Persbericht

Prize for this year’s best Wageningen publication goes to microbiologist Daan Swarts

Gepubliceerd op
11 maart 2015

The Wageningen University Fund has awarded its three-yearly Research Award 2015, the prize for the best academic publication produced by a Wageningen researcher, to microbiologist Daan Swarts. Jan Karel Mak, chairman of the University fund, presented the prize – a certificate of qualification, a sculpture and a cheque for €2500 – during Wageningen University’s 97th Dies Natalis celebrations.

Daan Swarts MSc (1986), a postdoc employee affiliated to the Laboratory for Microbiology at Wageningen University, was awarded the prize for his publication ‘DNA-guided DNA interference by a prokaryotic Argonaute’, which appeared last year in the leading scientific journal Nature. This article, of which he is the first author, describes the spectacular discovery of a microbial resistance system which can be seen as the evolutionary forerunner of the well-known RNA interference (RNAi) system in eukaryotes. His research opens up totally new routes to a targeted use of DNA in everything from bacteria and fungi to plant and human cells. He and his supervisor, Prof. John van der Oost, are named as inventors in two patents dealing with this discovery.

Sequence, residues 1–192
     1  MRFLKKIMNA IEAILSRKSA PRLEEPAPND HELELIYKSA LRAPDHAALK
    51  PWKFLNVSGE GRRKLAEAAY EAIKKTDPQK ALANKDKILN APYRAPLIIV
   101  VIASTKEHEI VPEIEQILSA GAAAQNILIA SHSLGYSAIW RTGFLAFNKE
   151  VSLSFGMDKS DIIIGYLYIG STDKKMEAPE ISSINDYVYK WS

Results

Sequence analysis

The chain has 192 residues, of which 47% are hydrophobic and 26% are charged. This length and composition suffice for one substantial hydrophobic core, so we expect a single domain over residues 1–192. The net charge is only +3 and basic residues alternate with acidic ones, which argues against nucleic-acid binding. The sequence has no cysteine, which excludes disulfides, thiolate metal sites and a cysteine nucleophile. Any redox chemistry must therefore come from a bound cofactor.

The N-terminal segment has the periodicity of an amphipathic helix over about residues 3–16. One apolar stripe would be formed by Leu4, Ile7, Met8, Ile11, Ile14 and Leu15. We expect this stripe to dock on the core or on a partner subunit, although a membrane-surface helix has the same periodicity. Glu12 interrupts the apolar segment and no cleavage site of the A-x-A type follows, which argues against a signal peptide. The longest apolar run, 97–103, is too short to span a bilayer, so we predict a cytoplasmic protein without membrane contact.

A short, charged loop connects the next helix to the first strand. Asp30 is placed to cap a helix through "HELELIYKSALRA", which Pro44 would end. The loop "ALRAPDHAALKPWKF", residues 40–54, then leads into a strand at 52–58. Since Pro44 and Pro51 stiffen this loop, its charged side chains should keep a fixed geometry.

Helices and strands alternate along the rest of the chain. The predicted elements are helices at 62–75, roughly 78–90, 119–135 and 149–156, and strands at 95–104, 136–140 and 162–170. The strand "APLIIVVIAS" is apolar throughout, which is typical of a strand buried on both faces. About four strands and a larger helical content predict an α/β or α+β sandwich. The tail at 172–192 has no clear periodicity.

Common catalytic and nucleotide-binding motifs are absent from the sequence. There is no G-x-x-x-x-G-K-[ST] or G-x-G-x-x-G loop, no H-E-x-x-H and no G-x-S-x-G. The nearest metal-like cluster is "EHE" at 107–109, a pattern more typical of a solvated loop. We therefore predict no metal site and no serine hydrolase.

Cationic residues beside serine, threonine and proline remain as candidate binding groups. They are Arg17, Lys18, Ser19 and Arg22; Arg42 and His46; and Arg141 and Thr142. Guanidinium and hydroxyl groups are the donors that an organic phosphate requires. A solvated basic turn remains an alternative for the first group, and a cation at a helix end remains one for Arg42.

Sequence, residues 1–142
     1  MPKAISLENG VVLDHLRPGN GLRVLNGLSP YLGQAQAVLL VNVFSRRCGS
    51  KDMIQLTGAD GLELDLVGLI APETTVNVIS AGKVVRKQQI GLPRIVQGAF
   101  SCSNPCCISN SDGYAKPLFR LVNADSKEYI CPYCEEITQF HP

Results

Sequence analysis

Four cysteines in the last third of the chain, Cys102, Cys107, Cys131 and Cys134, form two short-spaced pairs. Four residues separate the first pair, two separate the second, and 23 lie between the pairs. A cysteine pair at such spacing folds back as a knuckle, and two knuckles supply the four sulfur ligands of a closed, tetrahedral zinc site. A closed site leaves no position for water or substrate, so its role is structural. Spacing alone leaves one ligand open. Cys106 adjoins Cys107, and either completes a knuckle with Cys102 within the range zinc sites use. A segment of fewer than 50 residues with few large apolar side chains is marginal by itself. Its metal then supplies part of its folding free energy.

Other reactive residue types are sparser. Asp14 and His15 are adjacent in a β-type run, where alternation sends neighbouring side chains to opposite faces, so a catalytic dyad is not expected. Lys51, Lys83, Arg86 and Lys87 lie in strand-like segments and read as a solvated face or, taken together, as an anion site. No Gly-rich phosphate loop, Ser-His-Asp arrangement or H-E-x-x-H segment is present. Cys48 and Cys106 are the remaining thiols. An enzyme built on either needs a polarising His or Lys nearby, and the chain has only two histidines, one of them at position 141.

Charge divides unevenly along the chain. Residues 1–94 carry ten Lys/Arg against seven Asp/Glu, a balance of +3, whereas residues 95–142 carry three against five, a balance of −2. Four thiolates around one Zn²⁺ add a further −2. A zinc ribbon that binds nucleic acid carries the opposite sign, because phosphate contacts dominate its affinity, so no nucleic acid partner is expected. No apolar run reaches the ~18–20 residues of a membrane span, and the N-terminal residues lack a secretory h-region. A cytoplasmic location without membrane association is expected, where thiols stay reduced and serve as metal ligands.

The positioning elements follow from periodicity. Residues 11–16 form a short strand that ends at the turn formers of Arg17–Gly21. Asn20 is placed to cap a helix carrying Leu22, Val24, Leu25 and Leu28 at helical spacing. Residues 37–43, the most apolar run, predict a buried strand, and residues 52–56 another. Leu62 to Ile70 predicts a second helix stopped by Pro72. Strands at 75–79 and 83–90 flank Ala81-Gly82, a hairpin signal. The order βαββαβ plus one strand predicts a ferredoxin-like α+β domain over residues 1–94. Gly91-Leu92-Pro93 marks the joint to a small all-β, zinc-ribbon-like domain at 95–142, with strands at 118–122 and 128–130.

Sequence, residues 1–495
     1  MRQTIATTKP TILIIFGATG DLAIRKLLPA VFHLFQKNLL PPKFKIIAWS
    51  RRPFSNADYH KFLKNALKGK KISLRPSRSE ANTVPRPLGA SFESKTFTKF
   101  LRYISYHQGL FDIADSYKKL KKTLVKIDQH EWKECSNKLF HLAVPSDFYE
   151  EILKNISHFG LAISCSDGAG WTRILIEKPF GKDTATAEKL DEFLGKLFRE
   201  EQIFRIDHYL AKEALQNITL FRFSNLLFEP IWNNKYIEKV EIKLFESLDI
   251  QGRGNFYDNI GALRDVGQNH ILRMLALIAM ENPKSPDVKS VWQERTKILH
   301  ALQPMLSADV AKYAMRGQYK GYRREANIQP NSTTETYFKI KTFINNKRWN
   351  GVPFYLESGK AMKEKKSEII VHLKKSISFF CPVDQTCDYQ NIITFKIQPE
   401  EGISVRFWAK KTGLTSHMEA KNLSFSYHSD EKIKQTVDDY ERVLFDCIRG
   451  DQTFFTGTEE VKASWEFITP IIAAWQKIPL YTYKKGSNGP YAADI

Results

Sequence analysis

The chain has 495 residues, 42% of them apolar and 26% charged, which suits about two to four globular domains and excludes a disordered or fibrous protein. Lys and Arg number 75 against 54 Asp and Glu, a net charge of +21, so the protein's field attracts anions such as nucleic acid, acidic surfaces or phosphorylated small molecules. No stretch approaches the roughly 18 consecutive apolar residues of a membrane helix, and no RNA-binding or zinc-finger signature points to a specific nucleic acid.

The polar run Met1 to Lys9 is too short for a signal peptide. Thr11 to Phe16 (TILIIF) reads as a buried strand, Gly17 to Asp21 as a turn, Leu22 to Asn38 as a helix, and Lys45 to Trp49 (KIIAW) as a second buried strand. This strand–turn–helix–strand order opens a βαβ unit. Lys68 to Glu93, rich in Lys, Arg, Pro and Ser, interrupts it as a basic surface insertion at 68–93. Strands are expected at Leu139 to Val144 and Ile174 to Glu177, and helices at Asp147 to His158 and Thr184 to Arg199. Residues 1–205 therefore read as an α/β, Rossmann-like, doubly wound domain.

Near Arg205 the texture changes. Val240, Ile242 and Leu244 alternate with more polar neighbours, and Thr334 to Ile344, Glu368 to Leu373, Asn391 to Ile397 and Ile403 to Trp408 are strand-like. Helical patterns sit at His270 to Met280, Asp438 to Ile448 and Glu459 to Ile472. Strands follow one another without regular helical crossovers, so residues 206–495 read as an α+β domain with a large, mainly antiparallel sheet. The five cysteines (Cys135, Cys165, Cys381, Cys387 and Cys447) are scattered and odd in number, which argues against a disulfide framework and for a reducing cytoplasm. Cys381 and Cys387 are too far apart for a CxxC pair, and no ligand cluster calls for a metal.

The jury was particularly impressed by Swarts’s unique discovery and the impact this could have on further genetic and biotechnological research. The jury believes the publication by Swarts et al is a breakthrough. According to the jury, the research can lead to new opportunities for curing hereditary diseases in humans. 

Wageningen University Fund

The Wageningen University Fund (WUF) aims to ‘ensure that Wageningen University flourishes’. To that end, the fund always awards one specific prize on the occasion of the University’s Dies Natalis (9 March). In addition to the Research Award, there is an Outstanding Alumnus Award and a Press Award.

The other members of the Research Award jury, chaired by the Rector Magnificus Prof. Martin Kropff, are Prof. Arthur Mol, Prof. Johan van Arendonk and Dr Stan Brouns, winner of the Research Award in 2012.